Posted by Dr. Gwendolyn Galsworth   |  

In last week’s issue of The Visual Thinker, I began a new series—5S on Steroids—in which I explained the main differences, as I saw them, between Japanese 5S and the 5S that evolved in the West which was based on some faulty understanding, including an overblown notion of what 5S was supposed to do. At the end of that article, I promised to share with you key points I have learned about 5S since my own early failures in the 1980s with both Japanese 5S and the “new and improved” Western version. These failures ultimately led me to develop a robust alternative: Work That Makes Sense/Operator-Led Visuality (WTMS). There is much in WTMS that can help companies struggling with Japan’s 5S or our version to re-enliven, re-direct, and resurrect 5S as they know it.

In your shoes, the very first step I would undertake is to change the name of your 5S—or at minimum—tweak it. A company selects an improvement initiative to launch because: a) it has relevance (we need that kind of solution), b) it is logical (a step-by-step process), and c) it promises impact (it’ll turn the KPI dial). Those three elements make the purchase rational. The logical part of our brain buys the benefits. But our emotional mind buys the sizzle—wants the sizzle, loves the sizzle. Sizzle excites us—and when substantial, it inspires us and keeps us going through the hard parts. You can call the sizzle the brand; or you can call it the vision. But in the material world, most of what’s sizzling on the barbecue of our imagination is: The name.

Starbucks_Coffee_Logo.svgThink about some of the key improvement methods in the world today. The name sells. The belting language in Six Sigma, for example, sells it—Green Belt, Black Belt, Master Black Belt—and, with it, the promise of precision, of excellence. Similarly, Lean taps into two core thought icons dear to the western psyche: 1) You can never be too rich or too thin (nice double positioning); and 2) Nonfat…because fat is bad for your health and makes you look dumpy. The name sells. It fires our imagination. We want the method to work because—in many ways—we want to be able to “say” its name.  We identify with it. It is branded into our minds and our vision like the Starbucks logo. It rings!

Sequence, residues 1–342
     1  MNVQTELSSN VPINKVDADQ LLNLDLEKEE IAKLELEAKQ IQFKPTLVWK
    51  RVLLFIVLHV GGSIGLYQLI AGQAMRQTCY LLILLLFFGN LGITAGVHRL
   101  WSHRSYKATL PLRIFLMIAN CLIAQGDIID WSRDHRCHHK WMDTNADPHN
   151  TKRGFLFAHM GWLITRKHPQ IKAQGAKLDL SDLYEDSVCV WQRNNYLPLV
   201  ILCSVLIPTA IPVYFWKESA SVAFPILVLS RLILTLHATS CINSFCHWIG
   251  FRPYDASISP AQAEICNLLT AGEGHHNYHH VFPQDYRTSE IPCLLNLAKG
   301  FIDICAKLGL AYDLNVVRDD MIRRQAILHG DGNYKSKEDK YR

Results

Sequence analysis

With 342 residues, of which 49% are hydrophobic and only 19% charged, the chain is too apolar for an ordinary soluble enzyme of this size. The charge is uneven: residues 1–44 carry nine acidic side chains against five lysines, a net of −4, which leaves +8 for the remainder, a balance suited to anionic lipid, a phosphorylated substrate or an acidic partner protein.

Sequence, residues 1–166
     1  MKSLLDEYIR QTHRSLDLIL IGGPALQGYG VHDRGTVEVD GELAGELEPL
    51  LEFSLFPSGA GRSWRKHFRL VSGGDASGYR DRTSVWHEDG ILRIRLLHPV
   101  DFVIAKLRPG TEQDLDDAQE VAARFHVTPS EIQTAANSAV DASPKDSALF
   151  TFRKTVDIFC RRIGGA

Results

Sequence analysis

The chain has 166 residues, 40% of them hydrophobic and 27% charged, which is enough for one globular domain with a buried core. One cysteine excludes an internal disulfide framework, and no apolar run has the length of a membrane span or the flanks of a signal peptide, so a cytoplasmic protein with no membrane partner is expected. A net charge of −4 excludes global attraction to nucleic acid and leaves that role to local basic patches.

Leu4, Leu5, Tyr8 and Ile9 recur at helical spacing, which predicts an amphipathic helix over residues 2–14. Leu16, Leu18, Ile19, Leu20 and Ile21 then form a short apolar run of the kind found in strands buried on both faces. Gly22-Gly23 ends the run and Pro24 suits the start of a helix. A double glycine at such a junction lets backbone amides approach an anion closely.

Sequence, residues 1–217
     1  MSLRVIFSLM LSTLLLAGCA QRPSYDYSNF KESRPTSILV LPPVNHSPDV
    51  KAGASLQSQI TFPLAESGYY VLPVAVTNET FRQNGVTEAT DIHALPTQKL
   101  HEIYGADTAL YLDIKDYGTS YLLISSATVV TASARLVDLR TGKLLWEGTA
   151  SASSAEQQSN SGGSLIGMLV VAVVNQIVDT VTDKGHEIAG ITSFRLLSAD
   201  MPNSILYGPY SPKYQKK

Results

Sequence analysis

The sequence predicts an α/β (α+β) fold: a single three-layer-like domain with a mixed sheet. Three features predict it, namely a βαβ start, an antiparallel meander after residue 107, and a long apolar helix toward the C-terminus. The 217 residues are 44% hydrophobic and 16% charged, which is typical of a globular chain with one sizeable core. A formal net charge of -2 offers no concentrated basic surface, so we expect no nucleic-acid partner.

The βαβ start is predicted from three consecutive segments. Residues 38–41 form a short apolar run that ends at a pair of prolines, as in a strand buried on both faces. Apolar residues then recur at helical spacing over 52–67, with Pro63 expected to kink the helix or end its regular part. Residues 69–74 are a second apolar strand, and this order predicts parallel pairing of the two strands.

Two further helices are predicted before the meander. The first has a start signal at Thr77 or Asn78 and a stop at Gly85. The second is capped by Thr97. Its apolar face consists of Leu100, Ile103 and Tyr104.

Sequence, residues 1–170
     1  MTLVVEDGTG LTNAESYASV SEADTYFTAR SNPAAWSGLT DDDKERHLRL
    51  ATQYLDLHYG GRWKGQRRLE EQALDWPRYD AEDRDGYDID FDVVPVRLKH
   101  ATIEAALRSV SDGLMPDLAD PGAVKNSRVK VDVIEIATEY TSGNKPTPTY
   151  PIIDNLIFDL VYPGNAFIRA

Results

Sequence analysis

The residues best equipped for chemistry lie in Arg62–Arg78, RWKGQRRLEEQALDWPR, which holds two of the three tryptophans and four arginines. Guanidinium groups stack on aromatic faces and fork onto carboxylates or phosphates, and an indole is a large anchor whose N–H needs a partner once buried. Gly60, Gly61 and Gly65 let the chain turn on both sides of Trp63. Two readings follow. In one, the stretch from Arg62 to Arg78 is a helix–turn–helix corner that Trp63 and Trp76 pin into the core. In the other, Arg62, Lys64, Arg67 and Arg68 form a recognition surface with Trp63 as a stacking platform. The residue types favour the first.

Names can have the same impact as physical logos. Let’s diagnose the “5S” name and see what we discover. Here’s the thing: 5S does not refer to an outcome. It refers to the method, more plainly and baldly than any other popular improvement approach. And that’s a problem. If you name something you want to achieve by how it is achieved, you will be less likely to find enthusiastic adherents. 5S: S1, S2, S3, S4, S5—five Ss. Huh?! Plan on doing a lot of explaining—and even more promoting—if you seek to inspire the human psyche with those. Except if you are in Japan, where 5S is accepted as a routine maintenance pathway (I made this point at greater length in last week’s issue.)  5S was not designed and never intended to transform a company or the people who work in it. Though leading Japanese companies—Cannon, Okidata, Toyota, Sumitomo—always position employee involvement as part of every operator-level initiative—including 5S, those companies have developed myriad ways to do that, with 5S only one small part of them.

5S refers to the HOW of the change. But I want to encourage you to modify the name of this sub-method—or simply change it—so that it refers to its outcome, and thereby encompass both the WHAT and the WHY. Inspire me! Excite me.  Give me the opportunity to align with something greater than myself. Only then can I become a hero in my own eyes—in the eyes of others. Visual Workplace, Visual Dock, Visual Truck, Visual Factory. Visual Hospital, Visual Office. Can you feel that difference? Of course you can. As soon as I combined the word visual with your work environment, you could see it. Or if your department did not appear on the screen of your mind in its full visually-informed glory, you saw a glimmer, you felt a flutter in your heart as your internal resources began to organize around the possibility. The vision of an improved tomorrow. You were ignited.  Just make a small change. I promise you it will have significant, even revolutionary benefits. Associates will rally as they understand that the outcome of all that daily and weekly 5S activity—and those endless audits—has greater meaning than neat and clean, and passing the audit.

And as you learn more about the principles and practices of work that makes senses/operator-led visuality, you will incorporate more and more of what inspires and informs into your refurbished 5S, newly renamed, slightly tweaked, but powerfully changed.

When I was working with Rolls-Royce Aerospace in the UK, I was invited one evening to a fancy dinner and bought a gorgeous little black dress, size 10. It is in my closet as I type. I wore it only that once. I’ve put on some pounds since that glittering evening night but want to wear that dress again—and soon. If I think, however, of all the cottage cheese and fruit I will have to eat to make it fit again, all I will have to give up. If I focus on the process—the how—of getting into that dress again, I promise you it will never happen. I focus instead on what inspires me: I think about the dress, how I looked and felt in it, how great it looked on me, how pretty I felt, how nicely it moved when I moved. I gave the rose a new name and it smelled so very very sweet.